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Friday, 30 March, 2001, 16:09 GMT 17:09 UK
Bitter antidote to Chocolat
Joanne Harris
Harris was a French teacher when she wrote Chocolat
By BBC News Online's Olive Clancy

For those who complained about the "sickly sweetness" of the movie Chocolat, a bitter anecdote is on hand from Joanne Harris - the author of the book on which the Oscar-nominated blockbuster is based.

Harris' latest novel Five Quarters of the Orange is billed as having "darker themes" than Harris has touched on before.

This is certainly true.

cover of Five Quarters of the Orange
Five Quarters is a return to the gothic novels of Harris's early career
Even if Chocolat as written by Harris was a sharper and more nuanced work than the film, it was still a romantic fairytale.

And Blackberry Wine, the novel before this one, was also a heart-warming story of love and identity.

Five Quarters of the Orange is also about identity and redemption through love but they are won at a cost.

This novel is perhaps more akin to the gothic novels Harris wrote before Chocolat than her more recent works.

It is the story of a woman blinded to love by her own mother who was unable to show her affection.

Framboise - who narrates the story - may be named after raspberry liqueur but she is no sweetie.

She lives incognito in the small French town where she grew up, terrified that her neighbours will discover who she is.

Joanne Harris bibliography
Blackberry Wine 2000
Chocolat 1999
Sleep Pale Sister 1993
The Evil Seed 1989

A "stony secret" hovers in her past, concerning her mother Mirabelle, the kind of woman who inspires cold fear in her children and suffers migraines accompanied by the scent of orange.

Five Quarters is the unfolding story of this secret and reads like a thriller at times.

You get the feeling that this is a story the narrator is compelled to tell, though it does not come easily.

It alternates between present day France and the occupation years of World War II in the same town.

Harris gives a clear-sighted view of war in a small town - the collaborators are mundane, the resistance is confused and the tragedies are very real but not at all glorious.

Consequences of Collaboration

The children are unsure about who is on what side and have only vague ideas about the consequences of their collaboration with the Germans in their midst.

The Germans for their part are ducking and diving, cheerfully blackmailing and extorting the locals.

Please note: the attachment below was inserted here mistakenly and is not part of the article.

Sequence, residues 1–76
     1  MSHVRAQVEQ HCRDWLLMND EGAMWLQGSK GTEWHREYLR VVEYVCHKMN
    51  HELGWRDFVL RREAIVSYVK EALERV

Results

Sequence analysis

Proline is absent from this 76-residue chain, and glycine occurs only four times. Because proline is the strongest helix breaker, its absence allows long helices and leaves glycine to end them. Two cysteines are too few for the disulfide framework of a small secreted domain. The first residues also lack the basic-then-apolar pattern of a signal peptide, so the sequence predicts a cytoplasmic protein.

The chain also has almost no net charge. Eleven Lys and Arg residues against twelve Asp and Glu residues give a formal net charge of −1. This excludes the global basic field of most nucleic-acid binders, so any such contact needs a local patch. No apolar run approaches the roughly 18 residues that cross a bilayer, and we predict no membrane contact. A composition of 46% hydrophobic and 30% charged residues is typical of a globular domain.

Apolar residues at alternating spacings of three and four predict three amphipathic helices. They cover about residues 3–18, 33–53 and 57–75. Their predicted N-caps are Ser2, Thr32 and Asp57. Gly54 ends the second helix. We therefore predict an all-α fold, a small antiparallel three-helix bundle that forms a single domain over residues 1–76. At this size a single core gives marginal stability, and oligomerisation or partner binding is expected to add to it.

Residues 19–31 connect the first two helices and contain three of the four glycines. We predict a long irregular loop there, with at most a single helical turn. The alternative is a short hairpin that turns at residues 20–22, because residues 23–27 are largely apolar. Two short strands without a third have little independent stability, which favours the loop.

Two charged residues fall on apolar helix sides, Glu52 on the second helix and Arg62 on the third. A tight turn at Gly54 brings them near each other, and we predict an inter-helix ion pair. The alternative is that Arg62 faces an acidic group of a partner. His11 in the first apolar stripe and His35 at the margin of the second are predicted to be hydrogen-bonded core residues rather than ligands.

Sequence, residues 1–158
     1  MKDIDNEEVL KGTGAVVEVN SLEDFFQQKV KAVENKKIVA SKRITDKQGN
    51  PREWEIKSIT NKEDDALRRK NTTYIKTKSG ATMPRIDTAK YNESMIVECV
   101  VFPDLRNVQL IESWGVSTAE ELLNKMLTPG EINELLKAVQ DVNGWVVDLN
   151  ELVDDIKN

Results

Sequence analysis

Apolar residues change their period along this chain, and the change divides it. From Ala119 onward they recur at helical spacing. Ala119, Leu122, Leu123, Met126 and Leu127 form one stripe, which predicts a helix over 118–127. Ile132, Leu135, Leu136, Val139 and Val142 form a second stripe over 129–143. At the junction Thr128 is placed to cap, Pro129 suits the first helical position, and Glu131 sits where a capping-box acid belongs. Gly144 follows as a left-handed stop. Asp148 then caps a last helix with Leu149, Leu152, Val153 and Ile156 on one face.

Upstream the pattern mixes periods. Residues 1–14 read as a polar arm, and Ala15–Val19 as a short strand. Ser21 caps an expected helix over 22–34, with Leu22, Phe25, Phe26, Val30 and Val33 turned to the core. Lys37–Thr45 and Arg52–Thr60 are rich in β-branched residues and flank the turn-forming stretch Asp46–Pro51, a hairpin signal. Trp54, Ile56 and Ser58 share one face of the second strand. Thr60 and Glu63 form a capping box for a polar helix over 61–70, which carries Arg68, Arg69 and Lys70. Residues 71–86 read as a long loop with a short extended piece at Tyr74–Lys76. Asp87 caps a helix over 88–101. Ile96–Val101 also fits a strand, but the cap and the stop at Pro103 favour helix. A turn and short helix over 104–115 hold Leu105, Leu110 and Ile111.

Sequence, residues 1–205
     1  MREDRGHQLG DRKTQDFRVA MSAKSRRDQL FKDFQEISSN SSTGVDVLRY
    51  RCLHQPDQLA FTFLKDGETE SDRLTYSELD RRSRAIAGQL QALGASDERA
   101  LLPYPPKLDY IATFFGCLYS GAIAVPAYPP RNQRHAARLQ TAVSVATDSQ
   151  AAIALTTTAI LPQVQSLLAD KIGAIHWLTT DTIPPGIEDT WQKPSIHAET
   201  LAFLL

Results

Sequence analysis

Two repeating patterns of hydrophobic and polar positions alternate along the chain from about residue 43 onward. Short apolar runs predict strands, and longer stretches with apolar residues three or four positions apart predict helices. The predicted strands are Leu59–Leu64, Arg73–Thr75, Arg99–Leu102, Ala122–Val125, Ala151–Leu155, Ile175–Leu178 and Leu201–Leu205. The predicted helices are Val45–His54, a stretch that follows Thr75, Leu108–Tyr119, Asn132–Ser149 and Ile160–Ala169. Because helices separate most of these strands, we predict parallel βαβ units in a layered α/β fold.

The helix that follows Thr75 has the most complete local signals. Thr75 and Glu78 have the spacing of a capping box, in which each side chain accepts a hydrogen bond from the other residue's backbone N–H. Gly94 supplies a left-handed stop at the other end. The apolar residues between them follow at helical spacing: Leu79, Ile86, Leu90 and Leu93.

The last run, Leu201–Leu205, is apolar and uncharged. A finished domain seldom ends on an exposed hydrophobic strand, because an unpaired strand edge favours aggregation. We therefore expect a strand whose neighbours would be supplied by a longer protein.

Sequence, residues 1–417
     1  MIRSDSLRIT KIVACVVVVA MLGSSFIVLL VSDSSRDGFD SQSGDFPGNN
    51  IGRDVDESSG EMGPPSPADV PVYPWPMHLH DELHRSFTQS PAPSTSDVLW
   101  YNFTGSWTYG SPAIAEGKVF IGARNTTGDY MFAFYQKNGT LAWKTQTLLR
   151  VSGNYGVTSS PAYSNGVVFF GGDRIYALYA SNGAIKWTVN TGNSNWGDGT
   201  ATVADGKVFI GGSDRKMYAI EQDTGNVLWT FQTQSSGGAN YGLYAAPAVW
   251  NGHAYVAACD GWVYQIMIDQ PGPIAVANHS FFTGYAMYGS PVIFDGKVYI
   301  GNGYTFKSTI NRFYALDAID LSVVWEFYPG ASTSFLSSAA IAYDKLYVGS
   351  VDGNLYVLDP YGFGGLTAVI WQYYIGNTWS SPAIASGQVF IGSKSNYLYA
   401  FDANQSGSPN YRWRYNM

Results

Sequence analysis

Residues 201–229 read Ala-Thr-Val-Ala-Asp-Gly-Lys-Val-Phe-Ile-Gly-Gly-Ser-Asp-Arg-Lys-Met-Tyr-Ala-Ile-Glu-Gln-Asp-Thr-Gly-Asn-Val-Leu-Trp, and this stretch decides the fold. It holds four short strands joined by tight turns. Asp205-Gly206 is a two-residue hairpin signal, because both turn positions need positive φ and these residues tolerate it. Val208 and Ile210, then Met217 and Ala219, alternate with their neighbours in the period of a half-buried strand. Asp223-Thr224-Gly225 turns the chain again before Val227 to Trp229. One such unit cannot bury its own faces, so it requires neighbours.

The "real war" seems very far away, hinted at with food shortages or when Jewish Madame Petit leaves town in the dead of night or the schoolteacher disappears after a radio is discovered at his house.

The war only comes crashing in when 10 villagers are shot in retribution for the murder of a German soldier - the episode which haunts the whole book and the life of Framboise.

Terrible Circumstances

This book portrays excellently how horror can be mundane and circumstantial, how ordinary life continues under the most terrible of circumstances and how the personal takes precedence over the grand global event.

Mirabelle is a mother so hardened to life that the only way she can show her love is through offering food to her children and Framboise is a child hopelessly in love with the only adult to offer her any sort of attention - a German soldier.

Juliette Binoche
Juliette Binoche starred as Vivian Rocher in Chocolat
This is a childhood where "every touch was a spark which hissed with static".

The sumptious descriptions of food are a welcome distraction.

The secrets of the past are revealed in Mirabelle's scribbled notes in her handwritten recipe book.

Her attempts to win her children over are invariably culinary and usually unsuccessful - though that is not the fault of the food, which sounds heavenly.

I was relieved that Framboise eventually finds a tentative redemption in her love for a childhood friend who she once belittled.

Love among the over-60s is so rarely written about - let alone this brand of slow-burning, faintly bad-tempered love - that it is worth reading the novel for that alone.

My problem was that I never warmed enough to Framboise to care that much.

Five Quarters of the Orange is published by Doubleday on 5 April

See also:

12 Feb 01 | Entertainment
Juliette's sweet tooth
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